WFF 'N Proof is a board and cube game that was created by Professor Layman Allen in 1961 to teach the basics of symbolic logic. It is played with 28 cubes that contain various letters, such as p, q, C, or N. The game board contains a forbidden section, a permitted section, and a required section. To win the game, you have to write a proof, using the cubes to create "WFFs" (Well-Formed Formulas). This game is now part of the AGLOA National Tournament, beginning in 2013.
A player has to create a word using the letters available, and the word must be used in a sentence that matches the Demands called. A demand specifies something about the sentence or word, such as number of clauses, part of speech, number of letters, etc. Challenges in LinguiSHTIK work similarly as in the other cube games with the exception of a forceout, which is called when moving any cube would result in a Challenge Win. Some concepts taught in LinguiSHTIK include sentence patterns, clauses, grammar, and verbs.
The game has elements similar to the popular word game Scrabble but adds a different element of play through grammatical demands and the shared letter pool.
In Propaganda, clues are read to all players by a central reader. Each player must decide, from a list, which persuasion technique that clue used, if any. There are several different sections of Propaganda techniques; the reader also specifies which section the persuasion technique is listed in.
Different leagues have different scoring methods, but the official AGLOA scoring involves a "bold" and "cautious" wager method. If you wager "bold", then you receive four points for a correct answer or lose two points for an incorrect answer. If you wager "cautious," then you receive two points for a correct answer; however, you lose nothing for an incorrect answer. A round consists of nine questions, so the highest score possible per round is 36 points, while the lowest is -18 points.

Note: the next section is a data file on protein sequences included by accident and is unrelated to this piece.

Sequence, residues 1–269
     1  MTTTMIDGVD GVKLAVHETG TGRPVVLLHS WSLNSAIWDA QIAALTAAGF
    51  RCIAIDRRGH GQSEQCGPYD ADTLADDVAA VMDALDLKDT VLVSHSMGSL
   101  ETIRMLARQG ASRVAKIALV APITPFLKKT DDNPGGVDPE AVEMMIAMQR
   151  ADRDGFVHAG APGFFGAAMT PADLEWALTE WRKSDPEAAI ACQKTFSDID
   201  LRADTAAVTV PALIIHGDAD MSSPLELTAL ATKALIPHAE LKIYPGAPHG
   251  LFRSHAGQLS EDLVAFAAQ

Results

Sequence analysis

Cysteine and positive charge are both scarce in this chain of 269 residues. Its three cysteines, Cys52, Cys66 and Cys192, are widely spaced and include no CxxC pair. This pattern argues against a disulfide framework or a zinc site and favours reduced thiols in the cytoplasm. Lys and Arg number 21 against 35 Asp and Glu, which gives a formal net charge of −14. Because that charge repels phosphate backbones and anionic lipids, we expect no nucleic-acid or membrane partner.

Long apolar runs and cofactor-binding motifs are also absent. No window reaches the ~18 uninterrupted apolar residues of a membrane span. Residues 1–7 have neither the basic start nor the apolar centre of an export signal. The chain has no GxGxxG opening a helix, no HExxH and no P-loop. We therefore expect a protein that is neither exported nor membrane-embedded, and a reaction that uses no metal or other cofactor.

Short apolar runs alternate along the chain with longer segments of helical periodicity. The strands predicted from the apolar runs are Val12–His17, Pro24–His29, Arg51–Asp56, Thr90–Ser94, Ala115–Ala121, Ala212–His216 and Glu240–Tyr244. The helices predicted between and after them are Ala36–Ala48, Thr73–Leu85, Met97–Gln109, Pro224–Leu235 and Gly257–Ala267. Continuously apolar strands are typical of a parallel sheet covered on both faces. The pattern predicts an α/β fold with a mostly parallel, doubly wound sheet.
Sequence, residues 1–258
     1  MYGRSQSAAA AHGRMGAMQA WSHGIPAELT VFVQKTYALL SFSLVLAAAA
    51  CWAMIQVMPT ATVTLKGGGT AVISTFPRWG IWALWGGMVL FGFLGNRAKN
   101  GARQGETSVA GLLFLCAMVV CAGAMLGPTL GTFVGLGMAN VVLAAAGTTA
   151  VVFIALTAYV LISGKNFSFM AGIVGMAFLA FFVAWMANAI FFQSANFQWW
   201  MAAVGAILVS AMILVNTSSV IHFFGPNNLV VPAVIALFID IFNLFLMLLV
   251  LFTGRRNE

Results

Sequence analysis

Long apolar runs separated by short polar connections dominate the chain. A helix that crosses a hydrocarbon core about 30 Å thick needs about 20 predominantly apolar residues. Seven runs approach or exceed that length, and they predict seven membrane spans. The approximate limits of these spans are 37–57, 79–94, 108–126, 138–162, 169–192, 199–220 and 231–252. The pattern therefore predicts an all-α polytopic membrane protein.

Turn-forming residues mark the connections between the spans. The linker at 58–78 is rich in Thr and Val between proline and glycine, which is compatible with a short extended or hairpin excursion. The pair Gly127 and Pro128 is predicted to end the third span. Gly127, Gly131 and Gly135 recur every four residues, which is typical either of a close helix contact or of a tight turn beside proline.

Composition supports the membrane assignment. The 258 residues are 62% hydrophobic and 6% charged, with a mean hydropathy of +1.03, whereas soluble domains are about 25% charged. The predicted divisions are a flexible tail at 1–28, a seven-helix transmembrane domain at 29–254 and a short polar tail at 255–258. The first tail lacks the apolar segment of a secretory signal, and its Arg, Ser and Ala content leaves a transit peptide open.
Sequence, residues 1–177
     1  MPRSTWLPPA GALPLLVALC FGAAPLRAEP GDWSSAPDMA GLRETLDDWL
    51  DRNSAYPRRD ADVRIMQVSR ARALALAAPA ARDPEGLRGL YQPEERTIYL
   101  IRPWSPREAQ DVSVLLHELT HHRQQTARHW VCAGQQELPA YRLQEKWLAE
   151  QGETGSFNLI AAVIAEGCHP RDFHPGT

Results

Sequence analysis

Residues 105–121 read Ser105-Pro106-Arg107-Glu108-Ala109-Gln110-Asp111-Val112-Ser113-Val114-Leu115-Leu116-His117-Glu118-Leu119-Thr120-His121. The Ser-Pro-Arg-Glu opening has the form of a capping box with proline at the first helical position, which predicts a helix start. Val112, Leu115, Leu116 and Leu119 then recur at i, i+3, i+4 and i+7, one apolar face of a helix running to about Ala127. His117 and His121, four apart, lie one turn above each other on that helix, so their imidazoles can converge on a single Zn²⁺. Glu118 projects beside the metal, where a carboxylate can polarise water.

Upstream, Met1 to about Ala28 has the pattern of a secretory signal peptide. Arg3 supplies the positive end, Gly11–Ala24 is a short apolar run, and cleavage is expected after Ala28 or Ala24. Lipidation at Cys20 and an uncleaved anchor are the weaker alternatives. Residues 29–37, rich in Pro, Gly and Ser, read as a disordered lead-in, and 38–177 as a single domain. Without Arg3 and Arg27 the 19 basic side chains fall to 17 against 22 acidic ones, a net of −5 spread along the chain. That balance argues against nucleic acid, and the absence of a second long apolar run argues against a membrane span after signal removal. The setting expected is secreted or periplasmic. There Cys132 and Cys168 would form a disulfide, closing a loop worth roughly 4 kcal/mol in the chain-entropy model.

Most Propaganda clues involve statements that are likely to be heard in advertising or politics. There are six different Propaganda sections, but only four specific sections are used in each season. Sections A, B, D, and E are being used for the 2016-2017 season, and B, C, D, and F will be used for the 2017-2018 season. For 2018-2019, the sections will be A, C, D, and E. For 2019-2020, the sections will be A, B, C, and F. For 2020-2021, the sections will be B, C, D, and E. Here are all the Propaganda techniques, listed by section.
More complete definitions of the individual techniques can be found on agloa.org.
|#||Section A||Section B||Section C||Section D||Section E||Section F|
|'Techniques of Self-Deception'||'Techniques of Language'||'Techniques of Irrelevance'||'Techniques of Exploitation'||'Techniques of Form'||'Techniques of Maneuver'|
|0||No Technique||No Technique||No Technique||No Technique||No Technique||No Technique|
|1||Prejudice||Emotional Terms||Appearance||Appeal To Pity||Concurrency||Diversion|
|2||Academic Detachment||Metaphor/Simile||Manner||Appeal to Flattery||Post Hoc||Disproving a Minor Point|
|3||Drawing the Line||Emphasis||Degrees and Titles||Appeal to Ridicule||Selected Instances||Ad Hominem|
|4||Not Drawing the Line||Quotation out of Context||Numbers||Appeal to Prestige||Hasty Generalization||Appeal to Ignorance|
|5||Conservatism, Radicalism, Moderatism||Abstract Terms||Status||Appeal to Prejudice||Faulty Analogy||Leading Question|
|6||Rationalization||Vagueness||Repetition||Bargain Appeal||Composition||Complex Question|
|7||Wishful Thinking||Ambiguity||Slogans||Folksy Appeal||Division||Inconsequent Argument|
|8||Tabloid Thinking||Shift of Meaning||Technical Jargon||Join the Bandwagon Appeal||Non-Sequitur||Attacking a Straw Man|
|9||Causal Oversimplification||---||Sophistical Formula||Appeal to Practical Consequences||---||Victory By Definition|
|10||Inconceivability||---||---||Passing from the Acceptable to the Dubious||---||Begging the Question|
Social Studies Games
A reader announces three clues about a particular U.S. President. Each player must individually write down which President the clue describes. Players who answer correctly on the earliest clue get more points than players that answer after more clues are given. The first clue is worth 6 points, the second is worth 4 points, and the third is worth 2 points. The 6 point clue is the hardest clue, while the 4 point and 2 point clues get progressively easier.
In the Elementary and Middle divisions, only a portion of presidents are used per season. For those divisions, ranges switch between presidents 1-24 and 25-45 every other year. In Junior and Senior divisions, however, all the presidents are used every season. During a tournament, players are assisted by a gazetteer which has each president's name, birth date, birthplace, and other basic information.
This event was part of the national tournament through 2016, after which its two rounds, Current Events and Theme, were each made an independent game.
This game was originally known as “World Card.”